Welcome to my column about LGBT, reproductive rights, and gender issues. Previous columns are here. If there's a topic you think I should cover, let me know.

A popular church well known for trying to reform the gays is moving to town—so how should local LGBT folks react?

When we broke the news that a new branch of evangelic megachurch Mars Hill is moving to Sunnyside, the debate was immediate. Some queer community leaders, like the Q Center, extended the olive branch and asked Mars Hill's pastor to come meet with them for a respectful, private dialogue. Meanwhile, other queer groups vowed a picket and kiss-in for the first day of church.

Mars Hill cancelled its first day of services and still hasn't rescheduled. But now, both sides of the queer community are having a public town hall on the topic: The LGBTQ Community and the Evangelical Mega Church—An Exercise in Deep Democracy will be held next Wednesday, October 5th, and the Progress Works Institute at 2049 NW Hoyt (their event page says there's only room for 90 people, but more people are welcome to come for standing-room-only space).

On the peace and friendship side, Q Center Executive Director Barbara McCullough-Jones recognized the right of everyone in the United States to choose their beliefs and lifestyles. "For us to want to generically throw a blanket over their ability for free speech, we would not want that done to us," said McCullough-Jones, when the news was first announced.

Q Center public relations chief Logan Lynn blogged about his meeting with the Mars Hill crew. "My motivation comes from growing up in a fundamentalist Christian house in the Midwest, " says Lynn. "The idea of meeting with Mars Hill is not to change minds—they're not going to convince me to get back in the closet—the idea is to figure out how to coexist. I don't know if that's possible, but I have to try."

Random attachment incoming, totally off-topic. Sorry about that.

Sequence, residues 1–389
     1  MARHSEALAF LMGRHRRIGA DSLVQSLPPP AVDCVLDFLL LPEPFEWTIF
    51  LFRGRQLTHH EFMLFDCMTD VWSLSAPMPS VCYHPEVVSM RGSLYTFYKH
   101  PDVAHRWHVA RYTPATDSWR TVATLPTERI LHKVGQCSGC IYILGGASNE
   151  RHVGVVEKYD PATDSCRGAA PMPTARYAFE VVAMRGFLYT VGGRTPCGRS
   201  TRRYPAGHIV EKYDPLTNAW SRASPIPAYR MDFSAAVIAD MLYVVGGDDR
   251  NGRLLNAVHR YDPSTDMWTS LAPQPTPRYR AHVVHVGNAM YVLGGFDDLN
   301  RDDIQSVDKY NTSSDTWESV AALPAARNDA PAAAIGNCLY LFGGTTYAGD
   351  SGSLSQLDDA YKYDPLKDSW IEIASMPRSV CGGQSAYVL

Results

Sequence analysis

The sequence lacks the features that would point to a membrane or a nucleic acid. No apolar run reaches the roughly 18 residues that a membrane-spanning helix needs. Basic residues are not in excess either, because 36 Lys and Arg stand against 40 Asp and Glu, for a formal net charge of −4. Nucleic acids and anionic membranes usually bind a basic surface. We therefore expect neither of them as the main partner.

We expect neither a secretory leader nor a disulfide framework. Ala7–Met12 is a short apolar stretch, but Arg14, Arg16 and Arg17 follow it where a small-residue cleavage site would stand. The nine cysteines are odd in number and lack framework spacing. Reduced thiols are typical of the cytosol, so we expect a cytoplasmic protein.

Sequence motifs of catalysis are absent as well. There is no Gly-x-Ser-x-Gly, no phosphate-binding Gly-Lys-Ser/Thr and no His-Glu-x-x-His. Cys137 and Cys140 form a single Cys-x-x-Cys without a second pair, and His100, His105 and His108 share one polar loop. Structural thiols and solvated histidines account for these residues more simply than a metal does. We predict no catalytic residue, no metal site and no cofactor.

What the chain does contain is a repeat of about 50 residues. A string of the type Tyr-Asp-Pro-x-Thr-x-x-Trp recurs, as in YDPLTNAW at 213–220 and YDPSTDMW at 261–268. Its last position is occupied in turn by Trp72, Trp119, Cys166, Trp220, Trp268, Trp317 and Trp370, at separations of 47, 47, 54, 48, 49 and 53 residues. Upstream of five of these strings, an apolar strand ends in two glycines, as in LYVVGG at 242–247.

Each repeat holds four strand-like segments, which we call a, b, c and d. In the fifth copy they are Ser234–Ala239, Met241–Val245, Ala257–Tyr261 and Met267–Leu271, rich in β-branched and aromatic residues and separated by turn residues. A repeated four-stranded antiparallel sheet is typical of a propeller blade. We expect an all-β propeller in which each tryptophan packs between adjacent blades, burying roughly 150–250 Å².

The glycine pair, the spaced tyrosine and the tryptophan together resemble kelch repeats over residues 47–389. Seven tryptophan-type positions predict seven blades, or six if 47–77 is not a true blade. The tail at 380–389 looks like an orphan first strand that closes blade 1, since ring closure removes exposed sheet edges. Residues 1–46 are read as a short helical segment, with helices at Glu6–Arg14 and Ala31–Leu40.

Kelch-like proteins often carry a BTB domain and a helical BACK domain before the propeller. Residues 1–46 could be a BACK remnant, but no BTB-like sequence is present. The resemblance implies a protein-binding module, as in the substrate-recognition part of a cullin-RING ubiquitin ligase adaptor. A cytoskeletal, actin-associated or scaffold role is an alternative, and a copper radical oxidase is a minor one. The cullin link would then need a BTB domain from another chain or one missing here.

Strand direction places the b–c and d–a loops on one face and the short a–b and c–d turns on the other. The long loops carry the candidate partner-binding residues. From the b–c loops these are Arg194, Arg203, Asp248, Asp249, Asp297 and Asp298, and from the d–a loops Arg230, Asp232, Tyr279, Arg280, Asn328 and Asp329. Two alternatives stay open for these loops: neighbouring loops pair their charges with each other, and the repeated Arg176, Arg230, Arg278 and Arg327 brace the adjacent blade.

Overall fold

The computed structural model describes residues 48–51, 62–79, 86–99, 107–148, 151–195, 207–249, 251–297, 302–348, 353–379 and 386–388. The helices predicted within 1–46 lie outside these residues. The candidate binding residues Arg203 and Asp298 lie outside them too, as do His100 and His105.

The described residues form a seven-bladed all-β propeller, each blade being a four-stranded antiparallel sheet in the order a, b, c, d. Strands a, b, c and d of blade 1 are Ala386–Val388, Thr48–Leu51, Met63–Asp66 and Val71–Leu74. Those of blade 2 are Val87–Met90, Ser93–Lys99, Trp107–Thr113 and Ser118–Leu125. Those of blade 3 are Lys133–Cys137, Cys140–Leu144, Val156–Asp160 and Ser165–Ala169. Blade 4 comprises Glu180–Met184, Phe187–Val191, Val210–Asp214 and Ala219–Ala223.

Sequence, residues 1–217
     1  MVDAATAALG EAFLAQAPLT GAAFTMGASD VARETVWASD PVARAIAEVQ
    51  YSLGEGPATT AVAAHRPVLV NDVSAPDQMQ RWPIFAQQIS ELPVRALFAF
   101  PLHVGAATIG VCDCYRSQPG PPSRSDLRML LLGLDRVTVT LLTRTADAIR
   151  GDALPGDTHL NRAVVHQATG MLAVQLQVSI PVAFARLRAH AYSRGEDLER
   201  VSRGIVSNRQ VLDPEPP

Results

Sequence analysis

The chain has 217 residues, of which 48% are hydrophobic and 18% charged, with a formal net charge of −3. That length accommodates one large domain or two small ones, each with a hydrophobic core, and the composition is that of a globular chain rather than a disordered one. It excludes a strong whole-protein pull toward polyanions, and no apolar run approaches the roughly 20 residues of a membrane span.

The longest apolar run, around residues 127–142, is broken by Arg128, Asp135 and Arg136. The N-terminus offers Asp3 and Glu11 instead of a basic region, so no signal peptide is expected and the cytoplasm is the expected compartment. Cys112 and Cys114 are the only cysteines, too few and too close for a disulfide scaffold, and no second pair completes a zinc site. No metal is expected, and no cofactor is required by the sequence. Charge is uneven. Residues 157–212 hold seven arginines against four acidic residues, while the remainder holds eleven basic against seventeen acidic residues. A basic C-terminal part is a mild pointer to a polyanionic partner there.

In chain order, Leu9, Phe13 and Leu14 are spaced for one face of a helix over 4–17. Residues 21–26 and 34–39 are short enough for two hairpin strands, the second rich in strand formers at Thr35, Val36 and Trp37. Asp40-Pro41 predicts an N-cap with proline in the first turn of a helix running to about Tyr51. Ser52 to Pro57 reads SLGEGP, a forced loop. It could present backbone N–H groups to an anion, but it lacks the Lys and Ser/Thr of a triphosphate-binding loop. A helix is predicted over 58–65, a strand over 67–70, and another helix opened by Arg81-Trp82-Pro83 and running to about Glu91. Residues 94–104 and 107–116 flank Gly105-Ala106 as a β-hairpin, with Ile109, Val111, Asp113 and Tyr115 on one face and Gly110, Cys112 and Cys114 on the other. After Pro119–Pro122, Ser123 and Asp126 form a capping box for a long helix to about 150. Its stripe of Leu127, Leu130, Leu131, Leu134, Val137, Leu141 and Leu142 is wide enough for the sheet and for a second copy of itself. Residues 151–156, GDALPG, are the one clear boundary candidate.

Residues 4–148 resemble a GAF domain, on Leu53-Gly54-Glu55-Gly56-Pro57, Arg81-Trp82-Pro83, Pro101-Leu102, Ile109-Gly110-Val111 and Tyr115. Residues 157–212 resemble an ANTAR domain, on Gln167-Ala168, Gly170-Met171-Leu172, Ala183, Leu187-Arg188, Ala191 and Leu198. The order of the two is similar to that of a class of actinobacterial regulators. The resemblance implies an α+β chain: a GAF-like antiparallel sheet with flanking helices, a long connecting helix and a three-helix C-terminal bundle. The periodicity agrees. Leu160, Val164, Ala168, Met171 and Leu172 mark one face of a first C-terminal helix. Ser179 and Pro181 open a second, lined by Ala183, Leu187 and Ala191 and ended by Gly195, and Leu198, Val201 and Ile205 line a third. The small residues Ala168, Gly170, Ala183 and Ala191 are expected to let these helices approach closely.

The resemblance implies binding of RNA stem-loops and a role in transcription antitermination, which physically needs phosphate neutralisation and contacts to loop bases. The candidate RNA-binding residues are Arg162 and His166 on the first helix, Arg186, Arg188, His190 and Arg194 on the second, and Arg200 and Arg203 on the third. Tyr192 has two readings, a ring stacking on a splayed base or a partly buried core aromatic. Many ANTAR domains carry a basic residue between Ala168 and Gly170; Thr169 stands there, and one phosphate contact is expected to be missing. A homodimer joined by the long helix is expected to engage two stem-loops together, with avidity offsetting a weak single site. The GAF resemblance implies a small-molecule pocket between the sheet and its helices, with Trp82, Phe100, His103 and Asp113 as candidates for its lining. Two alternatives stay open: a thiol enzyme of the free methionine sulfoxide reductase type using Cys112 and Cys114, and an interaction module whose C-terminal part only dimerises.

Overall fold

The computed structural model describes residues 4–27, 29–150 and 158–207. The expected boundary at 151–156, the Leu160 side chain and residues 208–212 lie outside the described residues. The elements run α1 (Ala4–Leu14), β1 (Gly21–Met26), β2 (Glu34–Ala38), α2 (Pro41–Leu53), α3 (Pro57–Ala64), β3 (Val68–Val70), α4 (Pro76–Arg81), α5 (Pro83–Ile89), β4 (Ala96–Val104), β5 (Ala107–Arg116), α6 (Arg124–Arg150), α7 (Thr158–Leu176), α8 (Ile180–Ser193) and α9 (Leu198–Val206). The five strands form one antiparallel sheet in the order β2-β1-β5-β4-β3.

On the friendly-meetings-won't-help side, Just Out writer Daniel Borgen blogged the feelings of many in a post about how no amount of talking will get anti-gay Evangelicals to change their ways:

Per Logan, conversations were positive and civil, and both sides left with a “better understanding of the other perspective.” I don’t doubt staff at Q felt that way, and I don’t doubt the Hill people felt they did the Lord’s work by meeting with some homos. (Their website response implied as much.) Bonus: Maybe a meet and greet could improve their standing with local media.

Nothing we say or do can convince evangelicals we’re not degenerates—if we love, we automatically are.